A Hercules Wankel. The first rotary-powered production bike, it had the potential to be a game-changer but as we all know now, rotary powertrains never took off with motorcycles.

The Wankel ended up winning 1st place in Other European. Ever heard one start up before? Here it is, riding up to claim its award:

The same Ducati you saw earlier going around Laguna Seca:

The judges – AKA, who you’re supposed to blame for not winning!

I generally thought the judges did a great job. The one winner that really surprised me was a Yamaha XT500. Admittedly, it was in absolutely incredible condition, but I thought there were more interesting options (like the Police Special that came in 2nd).

Speaking of the winners, here’s a quick timelapse of all of them:

Or if you’d like to take your time, here’s a list of the winners with a photograph of them getting their due:

Best of Show
1957 Mondial 250 Grand Prix
John Goldman – California

Spirit of The Quail Award
1948 Triumph T100 Tiger
Jonnie Green – California

50th Anniversary of the Norton Commando
1968 Norton Fastback
Jeff McCoy – California

Industry Award
2015 Prototype Fuller Moto Motus Naked
John Bennet – California

Innovation Award
1991 BMW Alpha
Mark Atkinson – Utah

Design and Style Award
1975 Moto Guzzi 850T
Untitled Motorcycles – California

HVA Preservation Award
1942 Indian Pre-War Big Base Scout
Gary Landeen – South Dakota

The Cycle World Tour Award
1980 Suzuki GS1000S
Trevor Franklin – British Columbia

Significance in Racing Award
1995 Britten V1000 #10
Virgil Elings – California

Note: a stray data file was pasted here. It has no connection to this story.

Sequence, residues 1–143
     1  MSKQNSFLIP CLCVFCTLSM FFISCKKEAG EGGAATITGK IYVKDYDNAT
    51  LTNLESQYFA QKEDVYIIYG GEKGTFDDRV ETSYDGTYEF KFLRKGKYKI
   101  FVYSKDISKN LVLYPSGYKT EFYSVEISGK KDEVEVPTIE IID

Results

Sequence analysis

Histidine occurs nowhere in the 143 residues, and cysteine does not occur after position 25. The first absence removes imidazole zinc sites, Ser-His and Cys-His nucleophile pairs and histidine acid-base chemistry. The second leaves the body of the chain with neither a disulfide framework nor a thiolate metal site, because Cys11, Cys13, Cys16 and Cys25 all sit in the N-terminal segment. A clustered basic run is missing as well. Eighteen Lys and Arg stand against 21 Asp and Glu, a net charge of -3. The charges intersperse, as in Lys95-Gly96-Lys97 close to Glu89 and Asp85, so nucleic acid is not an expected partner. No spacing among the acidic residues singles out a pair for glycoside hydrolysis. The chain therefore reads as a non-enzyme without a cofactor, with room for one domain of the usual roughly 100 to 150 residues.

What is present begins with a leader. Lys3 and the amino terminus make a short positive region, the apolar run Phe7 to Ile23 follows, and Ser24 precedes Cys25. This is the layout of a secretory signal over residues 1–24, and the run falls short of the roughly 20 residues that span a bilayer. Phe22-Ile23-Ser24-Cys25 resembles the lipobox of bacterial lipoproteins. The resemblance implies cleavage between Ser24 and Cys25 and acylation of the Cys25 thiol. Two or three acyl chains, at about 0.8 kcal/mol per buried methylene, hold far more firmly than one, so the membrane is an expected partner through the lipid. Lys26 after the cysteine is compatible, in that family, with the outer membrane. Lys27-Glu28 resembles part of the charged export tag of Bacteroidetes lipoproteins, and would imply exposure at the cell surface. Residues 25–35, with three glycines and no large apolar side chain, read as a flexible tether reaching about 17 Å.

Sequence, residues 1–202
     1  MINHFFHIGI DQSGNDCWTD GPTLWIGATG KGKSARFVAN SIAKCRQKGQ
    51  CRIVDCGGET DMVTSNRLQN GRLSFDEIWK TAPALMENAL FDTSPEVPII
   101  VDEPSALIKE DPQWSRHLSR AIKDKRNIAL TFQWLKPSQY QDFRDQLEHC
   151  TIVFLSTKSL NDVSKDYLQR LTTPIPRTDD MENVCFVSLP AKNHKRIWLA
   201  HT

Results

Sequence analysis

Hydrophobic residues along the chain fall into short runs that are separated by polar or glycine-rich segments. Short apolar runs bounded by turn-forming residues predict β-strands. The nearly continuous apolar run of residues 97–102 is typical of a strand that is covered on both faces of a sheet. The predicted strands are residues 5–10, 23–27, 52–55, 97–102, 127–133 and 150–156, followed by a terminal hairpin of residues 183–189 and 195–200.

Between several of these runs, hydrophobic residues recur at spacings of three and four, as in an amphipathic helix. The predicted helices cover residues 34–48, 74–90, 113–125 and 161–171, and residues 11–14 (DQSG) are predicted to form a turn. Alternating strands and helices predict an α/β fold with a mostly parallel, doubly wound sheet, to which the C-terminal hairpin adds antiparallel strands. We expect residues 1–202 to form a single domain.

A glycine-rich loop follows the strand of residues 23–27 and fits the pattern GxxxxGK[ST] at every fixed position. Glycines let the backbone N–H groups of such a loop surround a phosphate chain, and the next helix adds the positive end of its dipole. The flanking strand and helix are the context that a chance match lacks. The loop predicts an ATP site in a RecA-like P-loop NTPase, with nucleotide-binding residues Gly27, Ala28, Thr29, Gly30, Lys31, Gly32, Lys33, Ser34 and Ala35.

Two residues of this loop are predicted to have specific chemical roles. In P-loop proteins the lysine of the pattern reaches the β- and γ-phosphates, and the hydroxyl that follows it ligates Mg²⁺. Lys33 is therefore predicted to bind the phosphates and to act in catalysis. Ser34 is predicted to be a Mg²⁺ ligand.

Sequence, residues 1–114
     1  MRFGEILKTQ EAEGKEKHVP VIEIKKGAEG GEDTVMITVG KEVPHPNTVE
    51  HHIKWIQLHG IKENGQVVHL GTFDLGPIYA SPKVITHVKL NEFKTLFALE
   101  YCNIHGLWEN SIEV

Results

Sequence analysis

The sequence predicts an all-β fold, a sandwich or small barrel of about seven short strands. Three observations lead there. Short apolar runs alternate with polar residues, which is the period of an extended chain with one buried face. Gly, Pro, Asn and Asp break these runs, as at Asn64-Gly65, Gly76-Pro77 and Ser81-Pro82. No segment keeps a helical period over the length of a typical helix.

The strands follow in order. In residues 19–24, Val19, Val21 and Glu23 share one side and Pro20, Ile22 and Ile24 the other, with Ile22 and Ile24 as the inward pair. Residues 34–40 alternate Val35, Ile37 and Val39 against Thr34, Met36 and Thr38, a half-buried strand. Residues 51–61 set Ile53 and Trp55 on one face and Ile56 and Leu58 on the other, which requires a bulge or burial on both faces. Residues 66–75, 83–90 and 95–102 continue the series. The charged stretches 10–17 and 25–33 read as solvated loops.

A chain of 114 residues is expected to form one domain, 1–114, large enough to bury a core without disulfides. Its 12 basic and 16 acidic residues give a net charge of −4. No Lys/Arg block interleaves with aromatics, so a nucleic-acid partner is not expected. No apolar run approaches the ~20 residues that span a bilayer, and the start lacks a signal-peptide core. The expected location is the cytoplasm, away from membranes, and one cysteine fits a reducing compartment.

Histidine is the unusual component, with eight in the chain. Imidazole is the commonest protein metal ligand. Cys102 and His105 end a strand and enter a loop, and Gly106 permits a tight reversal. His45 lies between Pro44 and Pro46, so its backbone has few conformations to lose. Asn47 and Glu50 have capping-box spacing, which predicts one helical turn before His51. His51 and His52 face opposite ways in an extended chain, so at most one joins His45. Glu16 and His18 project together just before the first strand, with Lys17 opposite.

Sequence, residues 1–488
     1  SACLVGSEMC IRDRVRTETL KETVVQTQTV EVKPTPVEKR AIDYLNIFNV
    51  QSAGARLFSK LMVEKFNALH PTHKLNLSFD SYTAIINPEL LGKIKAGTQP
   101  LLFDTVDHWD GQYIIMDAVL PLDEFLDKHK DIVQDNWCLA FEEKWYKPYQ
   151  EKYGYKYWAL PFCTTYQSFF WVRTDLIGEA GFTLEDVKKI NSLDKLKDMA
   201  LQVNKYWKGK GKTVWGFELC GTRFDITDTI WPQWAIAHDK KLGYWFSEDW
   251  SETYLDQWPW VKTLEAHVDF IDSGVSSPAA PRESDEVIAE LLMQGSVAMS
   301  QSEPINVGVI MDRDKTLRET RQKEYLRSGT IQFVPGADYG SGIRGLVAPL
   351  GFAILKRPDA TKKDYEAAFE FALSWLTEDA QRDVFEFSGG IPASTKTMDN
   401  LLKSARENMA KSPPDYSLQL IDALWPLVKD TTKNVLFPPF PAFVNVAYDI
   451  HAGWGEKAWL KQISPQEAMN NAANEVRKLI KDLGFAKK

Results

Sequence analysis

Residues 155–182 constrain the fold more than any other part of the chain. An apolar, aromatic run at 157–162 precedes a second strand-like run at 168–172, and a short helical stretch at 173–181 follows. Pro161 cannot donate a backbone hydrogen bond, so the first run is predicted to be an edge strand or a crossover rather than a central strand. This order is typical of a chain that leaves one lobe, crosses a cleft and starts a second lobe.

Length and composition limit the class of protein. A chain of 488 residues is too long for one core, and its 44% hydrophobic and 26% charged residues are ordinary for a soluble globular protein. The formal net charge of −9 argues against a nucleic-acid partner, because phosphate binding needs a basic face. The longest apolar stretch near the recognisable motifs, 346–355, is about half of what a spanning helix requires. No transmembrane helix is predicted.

Why We Ride Award
1978 Yamaha XS750
Fernando Cruz – California

AMA Motorcycle Hall of Fame Heritage Award
1983 Honda Factory RS 750 Flat Tracker
Anthony Giammanco – California

Extraordinary Bicycles/Scooter Class Award
1971 NYPD Lambretta LI150 Special
Siobhan Ellis – California

British 1st Place
1939 Brough Superior SS100
William E. “Chip” Connor – Hong Kong

British 2nd Place
1936 Vincent HRD Comet
Mitch Talcove – California

Italian 1st Place
1959 Moto Parilla 99 Olimpia
Vincent Schardt – California

Italian 2nd Place
1967 Benelli Custom
Carmen & David Hearn – California

Japanese 1st Place
1976 Yamaha XT500C
Owen Bishop – California

Japanese 2nd Place
1969 Honda CB750 Factory Police Special
Peter Rose – California

Other European 1st Place
1976 Hercules W2000 Wankel
Stephan Haddad – California

Other European 2nd Place
1969 BMW R60/2
Kenneth Morris – California

Competition Off Road 1st Place
1975 Husqvarna 360 Flat Tracker
Clyde Williams – California

Competition On Road 1st Place
1957 Mondial 250 Grand Prix
John Goldman – California

Antique 1st Place
1918 BSA Model H
Bud Schwab – California

Custom/Modified 1st Place
1958 Triumph Tiger
Bryan Thompson – California

Custom/Modified 2nd Place
1968 BSA Thunderbolt
Richard Mitchell – California

American 1st Place
1937 Indian Chief
Kalle Hoffman – California

American 2nd Place
1914 Jefferson Board Track Racer
Chris Carter – California

The day of the show ended just like the two previous days of build-up – catching up with old friends and meeting new ones, all thanks to a shared love of motorcycles. Aaron and I rode back home the next day, trying to balance our need of getting back home at a reasonable time with the desire to see new sights like the Pozo Saloon (unbeknownst to us, it had just closed, possibly for good):

The entire ride back we filled each other’s helmets with our highlights from the Quail. Each year I come away very impressed with the show as a complete experience. The motorcycles themselves are always top notch, but the location, atmosphere, and people make it a show that I try to block off in my calendar months in advance. But I knew all that last year, anyway. What I learned this year is that I now have to start showing up a day earlier just so I can keep enjoying the Quail Ride, too. Hopefully next year I’ll bring something a bit more suitable for Laguna Seca, but no matter what I’m riding, I hope I’ll see you there. That’s it for now. Adios!